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Oct 4, 2007 09:43 PM

Where can I buy Saimin

When I was in college (1964-8) my Hawaiian roommates used to make a quick saimin which took about 3 minutes which came in a box. Does anyone know where I can buy it in the greater Boston area or order it over the internet from Hawaii? Thanks

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  1. I'm not sure what the asian/chinatown market situation is in Boston, but I get my Saimin at the local asian supermarket called Uwajimaya. You may have to consider an alternative like ramen or udon. There are usually hawaii clubs at universities, would any of them be helpful? Good luck.

    1. zippy's has a website where you can order some foods. Saimin is in there

      3 Replies
      1. re: KaimukiMan

        Wow - that's great information! I'm ordering a few favorites for immediate delivery. Thanks Kaimuki Man!

        1. re: Hanads

          now if i could only find the crusty loaves of bread you can get in seattle...haha, nothing stays crusty and crunchy here.

          1. re: KaimukiMan

            I swear that was like the bane of my existence for the first couple years I lived here.. Praise jesus for Fendu but it still must be consumed like within the day.

      2. Don't know where you can get it on the east coast especially in Boston but if you search for Sun Noodle, they probably have the best packaged saimin. S&S also has fresh and frozen but I dislike the type of noodles they use. Sam's Club and Costco in Hawaii sell them in bulk but not in other areas of the country it seems. Marukai has the S&S brand if they're in your area. Otherwise you'll probably need someone in the islands to ship it to you. Good luck.

        1 Reply
        1. re: Clinton

          Many regular supermarkets now have packaged ramen/saimin in the Asian foods section. Ramen is likely closer to what your roommates had from what you describe. Sapporo Ichiban is a typical brand. You might also try posting your question on the Boston board.

        2. Back then, Okahara used to make a great dry saimin that came in a box that looked like a small cereal box---I believe it was the first dehydrated saimin (the Hawaiian version of ramen). I haven't seen this in a while, only the frozen variety of Okahara---and even this is hard to find. Perhaps you could try contacting Okahara Saimin Factory 808-949-0588.

          10 Replies
          1. re: PDKL

            Haven't seen Okuhara saimin or even the fresh Maui Saimin which was my favorite here in LA for the longest time. Only can find S&S offered in the frozen section and the occasional Takahashi brand at Marukai..Sun Noodles is still the best but I've only seen it sold in Hawaii so far. Does anyone know who sells it here in LA? I tried calling the distributor in Hawaii and they just give me the deer in the headlights answer.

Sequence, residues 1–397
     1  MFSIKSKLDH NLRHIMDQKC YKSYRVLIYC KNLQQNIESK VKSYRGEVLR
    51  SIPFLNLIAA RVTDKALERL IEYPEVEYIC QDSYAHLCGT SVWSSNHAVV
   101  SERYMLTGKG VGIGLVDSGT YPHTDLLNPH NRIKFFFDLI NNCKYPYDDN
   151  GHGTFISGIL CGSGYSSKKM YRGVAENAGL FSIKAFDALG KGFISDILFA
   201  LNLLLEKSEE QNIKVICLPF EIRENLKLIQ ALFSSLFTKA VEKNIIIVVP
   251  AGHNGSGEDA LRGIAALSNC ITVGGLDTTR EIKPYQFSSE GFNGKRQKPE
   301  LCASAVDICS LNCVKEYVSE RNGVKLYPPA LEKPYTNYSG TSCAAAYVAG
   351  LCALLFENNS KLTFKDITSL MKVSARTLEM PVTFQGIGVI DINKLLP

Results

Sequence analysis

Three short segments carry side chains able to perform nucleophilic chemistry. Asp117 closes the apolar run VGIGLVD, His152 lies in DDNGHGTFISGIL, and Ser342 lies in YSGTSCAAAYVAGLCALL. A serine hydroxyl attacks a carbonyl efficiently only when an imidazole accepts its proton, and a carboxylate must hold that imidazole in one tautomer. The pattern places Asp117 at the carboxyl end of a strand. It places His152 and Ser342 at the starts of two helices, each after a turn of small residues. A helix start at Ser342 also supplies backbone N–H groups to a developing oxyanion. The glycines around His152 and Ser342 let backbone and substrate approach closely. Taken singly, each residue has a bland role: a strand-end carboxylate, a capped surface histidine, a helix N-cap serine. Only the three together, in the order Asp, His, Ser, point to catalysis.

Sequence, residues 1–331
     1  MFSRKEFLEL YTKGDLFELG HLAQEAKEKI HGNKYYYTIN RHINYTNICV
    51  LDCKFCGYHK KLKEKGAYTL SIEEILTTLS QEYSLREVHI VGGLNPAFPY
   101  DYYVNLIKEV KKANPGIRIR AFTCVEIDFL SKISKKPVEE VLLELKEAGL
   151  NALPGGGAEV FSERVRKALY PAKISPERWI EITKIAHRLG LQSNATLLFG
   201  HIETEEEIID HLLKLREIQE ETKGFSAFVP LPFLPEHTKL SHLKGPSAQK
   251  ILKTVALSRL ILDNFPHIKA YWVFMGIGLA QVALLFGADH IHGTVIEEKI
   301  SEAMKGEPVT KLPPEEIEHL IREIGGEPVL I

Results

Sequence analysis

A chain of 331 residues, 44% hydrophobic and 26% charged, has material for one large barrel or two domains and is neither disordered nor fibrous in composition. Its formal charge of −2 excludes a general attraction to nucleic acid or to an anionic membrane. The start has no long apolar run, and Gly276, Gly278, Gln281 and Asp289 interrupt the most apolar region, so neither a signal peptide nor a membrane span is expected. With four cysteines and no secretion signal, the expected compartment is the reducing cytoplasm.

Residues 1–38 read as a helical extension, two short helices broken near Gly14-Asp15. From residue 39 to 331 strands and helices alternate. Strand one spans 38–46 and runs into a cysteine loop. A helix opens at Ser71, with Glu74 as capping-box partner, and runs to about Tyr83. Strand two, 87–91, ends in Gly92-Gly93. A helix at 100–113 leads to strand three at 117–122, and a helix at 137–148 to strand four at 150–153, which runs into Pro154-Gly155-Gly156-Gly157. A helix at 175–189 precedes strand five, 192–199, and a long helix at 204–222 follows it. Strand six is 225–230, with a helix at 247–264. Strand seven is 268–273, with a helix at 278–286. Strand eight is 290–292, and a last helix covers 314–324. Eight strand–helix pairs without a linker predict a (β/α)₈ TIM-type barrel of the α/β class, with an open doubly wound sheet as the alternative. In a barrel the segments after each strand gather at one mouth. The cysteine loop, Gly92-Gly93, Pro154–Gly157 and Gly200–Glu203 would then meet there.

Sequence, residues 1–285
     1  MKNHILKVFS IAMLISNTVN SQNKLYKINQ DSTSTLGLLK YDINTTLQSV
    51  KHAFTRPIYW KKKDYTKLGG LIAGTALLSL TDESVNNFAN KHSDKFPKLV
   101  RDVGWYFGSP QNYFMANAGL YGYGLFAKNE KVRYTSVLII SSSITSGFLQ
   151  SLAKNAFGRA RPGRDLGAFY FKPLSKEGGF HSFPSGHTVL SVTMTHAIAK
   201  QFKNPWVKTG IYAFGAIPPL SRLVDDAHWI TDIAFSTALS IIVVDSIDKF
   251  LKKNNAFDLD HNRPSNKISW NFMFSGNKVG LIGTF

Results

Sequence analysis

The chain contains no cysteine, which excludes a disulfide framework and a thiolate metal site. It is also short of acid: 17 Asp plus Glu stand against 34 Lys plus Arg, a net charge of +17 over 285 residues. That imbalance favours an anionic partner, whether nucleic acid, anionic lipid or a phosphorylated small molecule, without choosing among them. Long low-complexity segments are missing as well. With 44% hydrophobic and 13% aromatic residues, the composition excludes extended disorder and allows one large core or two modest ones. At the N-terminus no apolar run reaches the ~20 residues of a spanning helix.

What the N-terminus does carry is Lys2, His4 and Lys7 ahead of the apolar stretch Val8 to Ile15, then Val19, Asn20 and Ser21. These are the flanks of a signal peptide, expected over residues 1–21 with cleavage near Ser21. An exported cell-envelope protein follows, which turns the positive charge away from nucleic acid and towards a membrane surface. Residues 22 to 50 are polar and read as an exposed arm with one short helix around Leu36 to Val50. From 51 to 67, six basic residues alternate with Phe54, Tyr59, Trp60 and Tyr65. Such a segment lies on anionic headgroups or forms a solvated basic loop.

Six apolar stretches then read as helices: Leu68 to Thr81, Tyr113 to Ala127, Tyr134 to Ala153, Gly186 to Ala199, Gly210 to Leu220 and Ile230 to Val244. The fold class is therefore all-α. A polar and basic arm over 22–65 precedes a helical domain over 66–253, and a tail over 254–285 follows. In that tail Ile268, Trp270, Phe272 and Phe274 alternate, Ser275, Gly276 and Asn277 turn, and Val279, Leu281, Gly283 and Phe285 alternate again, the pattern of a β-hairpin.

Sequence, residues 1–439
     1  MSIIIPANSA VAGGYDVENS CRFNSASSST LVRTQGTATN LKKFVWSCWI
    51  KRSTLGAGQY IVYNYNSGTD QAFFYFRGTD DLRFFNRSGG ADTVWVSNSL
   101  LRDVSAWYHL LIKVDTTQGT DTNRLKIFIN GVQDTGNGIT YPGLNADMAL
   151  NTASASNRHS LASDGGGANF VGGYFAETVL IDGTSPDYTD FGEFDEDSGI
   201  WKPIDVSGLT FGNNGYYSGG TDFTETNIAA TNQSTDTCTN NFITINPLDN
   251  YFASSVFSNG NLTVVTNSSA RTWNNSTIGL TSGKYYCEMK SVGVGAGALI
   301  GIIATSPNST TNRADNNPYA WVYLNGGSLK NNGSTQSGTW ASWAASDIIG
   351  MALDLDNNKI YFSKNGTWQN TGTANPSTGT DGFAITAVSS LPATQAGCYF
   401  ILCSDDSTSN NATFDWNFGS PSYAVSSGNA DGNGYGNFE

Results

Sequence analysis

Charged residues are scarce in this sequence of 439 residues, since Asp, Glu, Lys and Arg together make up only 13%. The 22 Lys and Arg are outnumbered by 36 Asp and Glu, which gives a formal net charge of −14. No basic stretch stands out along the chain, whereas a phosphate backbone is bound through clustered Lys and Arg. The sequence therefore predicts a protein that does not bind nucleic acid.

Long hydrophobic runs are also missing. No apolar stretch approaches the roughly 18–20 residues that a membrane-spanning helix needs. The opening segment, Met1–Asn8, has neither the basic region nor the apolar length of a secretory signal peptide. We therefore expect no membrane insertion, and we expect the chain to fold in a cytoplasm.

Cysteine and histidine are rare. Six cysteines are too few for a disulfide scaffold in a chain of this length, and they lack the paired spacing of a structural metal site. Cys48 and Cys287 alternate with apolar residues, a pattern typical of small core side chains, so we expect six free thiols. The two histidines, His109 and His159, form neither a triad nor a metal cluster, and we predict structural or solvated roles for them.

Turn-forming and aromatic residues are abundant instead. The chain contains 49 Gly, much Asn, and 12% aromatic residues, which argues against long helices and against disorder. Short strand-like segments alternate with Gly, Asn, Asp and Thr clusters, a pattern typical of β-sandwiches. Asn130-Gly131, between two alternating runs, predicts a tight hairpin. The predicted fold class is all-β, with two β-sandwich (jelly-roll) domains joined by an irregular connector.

1. re: Clinton

              I think the parent company of Sun Noodles also now owns S&S Saimin--- perhaps Marukai Costa Mesa can order it in (?) (I used to live in Costa Mesa---good Marukai and L&L there. Unfortunately, I now live in Boston, which has limited Hawai'i resources). The Marukai in LA is not as good for Hawaiian stuff. Marukai in Costa Mesa also sells the Nanka and Hula brand dry saimin, but those aren't quite the same for me. Hula is also sold online through Pacific Rim Gourmet and a few other site.
              In my opinion, the best local saimin used to be Oganeku saimin in Hanapepe---they made their own noodles. I haven't been to Shige or other local places.

              1. re: Clinton

                Actually, I just bought a pack of Sun noodles here in Seattle, so they must be exporting it outside of Hawaii. I've heard there are good local eats around Torrance, CA, maybe theres a retailer there?

                1. re: Hanads

                  Marukai in Gardena has the frozen S&S brand and a couple of others but no Sun Noodles. I used to buy the fresh Maui Saimin but they don't carry that anymore. S&S noodles tend to get mushy after sitting in the soup for a while but the Sun noodles stays al dente and has a better flavor.
                  While in Hawaii a few months ago, we had lunch at Likelike Drive In and ordered saimin. I happened to ask the waitress if they used Sun noodles and she say said yes. I knew right off the bat.
                  Costco and Sam's Club in Hawaii carry Sun Noodles in bulk but not here in LA. Haven't seen any place that carries them retail here in LA but I do know they export them outside of Hawaii because I inquired. The girl answering the phone hardly spoke English and had no clue on what I was asking?

                  1. re: Clinton

                    Clinton, with all the Hawaii transplants living in LA, I'm surprised good saimin is so hard to find, try emailing them (from their website). Good luck,

                    1. re: curiousgeo